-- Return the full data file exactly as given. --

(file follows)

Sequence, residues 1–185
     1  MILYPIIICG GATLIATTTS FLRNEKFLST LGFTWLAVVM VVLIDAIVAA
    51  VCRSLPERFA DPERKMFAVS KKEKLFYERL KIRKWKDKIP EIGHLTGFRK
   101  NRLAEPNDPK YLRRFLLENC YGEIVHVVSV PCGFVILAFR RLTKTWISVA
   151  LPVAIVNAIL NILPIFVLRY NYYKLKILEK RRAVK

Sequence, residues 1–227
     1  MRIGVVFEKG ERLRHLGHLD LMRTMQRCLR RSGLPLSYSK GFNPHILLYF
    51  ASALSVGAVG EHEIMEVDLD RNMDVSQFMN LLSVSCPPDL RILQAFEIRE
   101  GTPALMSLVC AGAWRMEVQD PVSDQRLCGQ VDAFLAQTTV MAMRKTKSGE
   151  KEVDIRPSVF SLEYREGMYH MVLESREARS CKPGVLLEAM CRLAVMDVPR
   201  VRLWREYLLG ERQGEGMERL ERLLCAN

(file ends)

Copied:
Sequence, residues 1–185
     1  MILYPIIICG GATLIATTTS FLRNEKFLST LGFTWLAVVM VVLIDAIVAA
    51  VCRSLPERFA DPERKMFAVS KKEKLFYERL KIRKWKDKIP EIGHLTGFRK
   101  NRLAEPNDPK YLRRFLLENC YGEIVHVVSV PCGFVILAFR RLTKTWISVA
   151  LPVAIVNAIL NILPIFVLRY NYYKLKILEK RRAVK

Sequence, residues 1–227
     1  MRIGVVFEKG ERLRHLGHLD LMRTMQRCLR RSGLPLSYSK GFNPHILLYF
    51  ASALSVGAVG EHEIMEVDLD RNMDVSQFMN LLSVSCPPDL RILQAFEIRE
   101  GTPALMSLVC AGAWRMEVQD PVSDQRLCGQ VDAFLAQTTV MAMRKTKSGE
   151  KEVDIRPSVF SLEYREGMYH MVLESREARS CKPGVLLEAM CRLAVMDVPR
   201  VRLWREYLLG ERQGEGMERL ERLLCAN